But these are all minor annoying details of either. The win of ReST is standardized extensions for anything. The win of Markdown is there's half an implementation running anywhere.
This is `a footnote`_? Seriously?
.. _a footnote: http://example.com/
"When comparing the markup formats for the purposes of kernel documentation, only the table support, which is much needed for the media subsystem documentation in particular, was clearly identified as being superior in AsciiDoc. Otherwise, the markup comparison was rather dispassionate; it really boiled down to the tools themselves...
... In the kernel tree, there are no tools written in Ruby, but there are plenty of tools written in Python. It was fairly easy to lean towards Sphinx in this regard."
As I read it, Asciidoctor is still superior, but their decision was to go with something written in Python that they could adapt for these specific needs.
If I was writing a technical book, I'd probably use ReST.
But, 99.9% of the time, my needs are much more mundane and fit well within the limitations of Markdown. Usually I can just sit down and write Markdown, sometimes I need to bring up a cheatsheet. When I just need to add some documentation related to my work, Markdown is perfect.
What I'd really like is something where I can write Markdown, but if I run into needing something it can't do then switch over to ReST. Because of the overlap, that seems like it should be doable. I was looking at some static site generators that might do that, but I had limited time to evaluate them and couldn't get my existing ReST documents directly to render there so I had to get back to work.
If anyone has had any success with that, I'd love to hear about it.
Oh, that and a way to see the results without having to render and load the results (which currently involves mercurial, fabric, sphinx, and a browser for me). I don't need WYSIWIG, but a quick render would be nice.
Yet for me reST is a clear winner, because it's extensible; it's relatively easy to a) write your own directives, substitution directives, and text roles and b) hook into the parser. For example, in my workflow I only use their parser with a few of my own extensions and only to get the parsed text as XML; once I got this, I continue with XSLT to transform it into what I need. (I use Python and lxml with my own extensions to XSLT as well, so I can, for example, manipulate files and update a whole directory tree right from XSLT.)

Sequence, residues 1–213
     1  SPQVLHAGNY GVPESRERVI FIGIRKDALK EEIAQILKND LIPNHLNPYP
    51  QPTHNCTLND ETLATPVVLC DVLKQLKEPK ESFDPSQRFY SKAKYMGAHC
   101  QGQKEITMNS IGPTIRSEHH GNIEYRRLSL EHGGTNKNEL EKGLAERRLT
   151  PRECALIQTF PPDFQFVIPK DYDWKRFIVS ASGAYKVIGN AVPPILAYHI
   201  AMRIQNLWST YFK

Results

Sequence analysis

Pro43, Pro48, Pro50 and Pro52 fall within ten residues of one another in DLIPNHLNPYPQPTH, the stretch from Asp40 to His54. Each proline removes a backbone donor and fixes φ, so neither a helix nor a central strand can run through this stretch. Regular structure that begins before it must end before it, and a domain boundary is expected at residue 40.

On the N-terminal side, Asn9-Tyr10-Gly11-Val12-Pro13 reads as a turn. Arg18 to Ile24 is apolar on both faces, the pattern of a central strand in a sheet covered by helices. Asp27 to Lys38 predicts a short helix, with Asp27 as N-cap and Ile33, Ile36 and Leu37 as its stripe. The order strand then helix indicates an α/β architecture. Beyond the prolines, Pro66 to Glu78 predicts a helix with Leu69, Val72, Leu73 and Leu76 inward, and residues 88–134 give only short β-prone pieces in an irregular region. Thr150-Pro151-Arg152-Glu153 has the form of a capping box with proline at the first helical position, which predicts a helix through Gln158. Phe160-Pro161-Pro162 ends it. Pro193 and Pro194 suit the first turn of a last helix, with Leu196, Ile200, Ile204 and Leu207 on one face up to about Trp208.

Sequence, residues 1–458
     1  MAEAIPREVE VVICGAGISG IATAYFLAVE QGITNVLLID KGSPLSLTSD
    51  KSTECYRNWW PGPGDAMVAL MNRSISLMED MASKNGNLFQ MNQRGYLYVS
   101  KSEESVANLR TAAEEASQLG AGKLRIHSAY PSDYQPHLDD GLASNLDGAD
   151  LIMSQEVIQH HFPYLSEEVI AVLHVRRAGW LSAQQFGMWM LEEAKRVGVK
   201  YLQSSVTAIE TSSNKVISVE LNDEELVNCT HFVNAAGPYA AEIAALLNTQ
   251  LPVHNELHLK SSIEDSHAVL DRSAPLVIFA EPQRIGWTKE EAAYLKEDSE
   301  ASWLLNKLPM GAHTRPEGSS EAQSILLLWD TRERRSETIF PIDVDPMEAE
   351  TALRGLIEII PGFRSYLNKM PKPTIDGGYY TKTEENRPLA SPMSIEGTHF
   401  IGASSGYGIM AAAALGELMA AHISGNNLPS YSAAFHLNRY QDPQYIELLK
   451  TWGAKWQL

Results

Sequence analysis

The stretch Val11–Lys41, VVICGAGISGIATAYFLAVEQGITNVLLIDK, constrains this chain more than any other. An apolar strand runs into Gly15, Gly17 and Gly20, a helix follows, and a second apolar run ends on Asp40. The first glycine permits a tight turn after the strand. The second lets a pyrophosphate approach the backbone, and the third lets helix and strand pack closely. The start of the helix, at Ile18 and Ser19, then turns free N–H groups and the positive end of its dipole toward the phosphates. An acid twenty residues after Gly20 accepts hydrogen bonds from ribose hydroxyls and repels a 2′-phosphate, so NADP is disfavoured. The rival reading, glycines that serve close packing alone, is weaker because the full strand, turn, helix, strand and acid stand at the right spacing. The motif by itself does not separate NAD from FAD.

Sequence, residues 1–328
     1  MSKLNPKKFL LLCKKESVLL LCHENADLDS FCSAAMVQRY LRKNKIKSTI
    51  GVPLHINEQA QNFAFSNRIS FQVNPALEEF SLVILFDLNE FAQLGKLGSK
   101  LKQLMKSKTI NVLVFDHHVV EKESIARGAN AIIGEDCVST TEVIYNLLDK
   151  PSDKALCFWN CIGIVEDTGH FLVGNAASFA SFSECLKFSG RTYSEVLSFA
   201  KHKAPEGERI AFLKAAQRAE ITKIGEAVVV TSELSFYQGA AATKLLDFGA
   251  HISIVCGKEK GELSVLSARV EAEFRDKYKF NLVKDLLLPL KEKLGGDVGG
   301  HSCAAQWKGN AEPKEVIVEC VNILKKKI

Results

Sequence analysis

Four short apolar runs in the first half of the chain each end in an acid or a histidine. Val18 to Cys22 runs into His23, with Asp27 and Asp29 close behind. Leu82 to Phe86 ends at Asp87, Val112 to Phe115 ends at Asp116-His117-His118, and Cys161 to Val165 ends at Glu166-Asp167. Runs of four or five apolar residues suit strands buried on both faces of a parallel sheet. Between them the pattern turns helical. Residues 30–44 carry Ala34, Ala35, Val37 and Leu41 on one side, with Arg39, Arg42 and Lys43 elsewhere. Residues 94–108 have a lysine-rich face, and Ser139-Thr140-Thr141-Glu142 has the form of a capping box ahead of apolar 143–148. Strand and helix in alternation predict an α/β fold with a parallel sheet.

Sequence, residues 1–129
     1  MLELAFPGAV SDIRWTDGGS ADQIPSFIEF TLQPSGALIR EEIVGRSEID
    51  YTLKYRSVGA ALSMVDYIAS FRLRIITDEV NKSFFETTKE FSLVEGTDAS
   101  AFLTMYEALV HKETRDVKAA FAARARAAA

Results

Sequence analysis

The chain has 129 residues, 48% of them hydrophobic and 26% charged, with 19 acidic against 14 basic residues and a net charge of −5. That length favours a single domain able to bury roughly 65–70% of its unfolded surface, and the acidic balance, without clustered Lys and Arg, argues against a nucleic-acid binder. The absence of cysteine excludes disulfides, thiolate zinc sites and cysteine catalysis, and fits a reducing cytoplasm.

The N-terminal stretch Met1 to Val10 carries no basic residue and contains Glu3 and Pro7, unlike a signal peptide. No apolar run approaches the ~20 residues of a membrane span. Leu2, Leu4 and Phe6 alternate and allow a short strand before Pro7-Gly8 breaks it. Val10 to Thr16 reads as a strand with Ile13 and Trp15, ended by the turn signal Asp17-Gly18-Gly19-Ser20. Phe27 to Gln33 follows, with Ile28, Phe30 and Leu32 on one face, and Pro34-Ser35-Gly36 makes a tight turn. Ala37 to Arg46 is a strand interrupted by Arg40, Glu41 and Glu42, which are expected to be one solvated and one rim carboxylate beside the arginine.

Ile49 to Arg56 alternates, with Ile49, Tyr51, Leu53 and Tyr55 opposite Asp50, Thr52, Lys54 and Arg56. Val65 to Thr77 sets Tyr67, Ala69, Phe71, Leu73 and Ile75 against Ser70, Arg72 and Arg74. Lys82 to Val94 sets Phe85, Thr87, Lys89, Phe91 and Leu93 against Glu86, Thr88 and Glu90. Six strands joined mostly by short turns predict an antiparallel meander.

I think most of these tools would benefit if their parser was a separate component that could save the resulting tree into XML. (It would be ideal to have a configurable parser where you can tinker with the grammar.)
As soon as I finished it, I quickly realized that lobbying for its adoption and supporting it would be painful, but you might find it interesting.
And, you might say, "But I've never heard of MultiMarkdown," but the reality is that if you've used Markdown for creating, well, tables, footnotes or citations, or used a YAML metadata block for a Jekyll blog, or any number of things that weren't in the original Markdown spec but that people in practice do all the time, then you've used something that was either influenced by MultiMarkdown or something that MultiMarkdown adapted.
And that last point is larger than MultiMarkdown, specifically. I'd argue that Markdown as commonly implemented and used can do an awful lot of things that are necessary for technical documentation work. This isn't to say that ReST or AsciiDoc aren't more powerful, but in practice, there's very little I've had to write that can't be written in (Multi)Markdown.
A lightweight markup language is designed to for the user to quickly write something, and most of them have been designed with the goal of having programmers document their work without having to learn a complicated tool. If you need to write extensions for a lightweight markup language, you're using it wrong.
For anything more than that, I'd use something designed for technical documentation (DITA and DocBook come to mind).
Lightweight markup languages seem easy, and, in the beginning they are, but over time, as revisions pile up and more people work on it and you find you have more requirements than you thought you had, they become a huge hassle. You spend more time fiddling than writing. There's a reason professional writers tend to use richer tools - they make their jobs easier and they make the result better.
A particular issue I have with markdown is the bold/italic issue. However this is probably indicative of a broader issue. Markdown either does not have, or does not commonly make users aware of, an escape character which will always invoke a control-word boundary and which will never be rendered in the final text.
I've also often had different websites variations on features fail when they are nested (sometimes at all).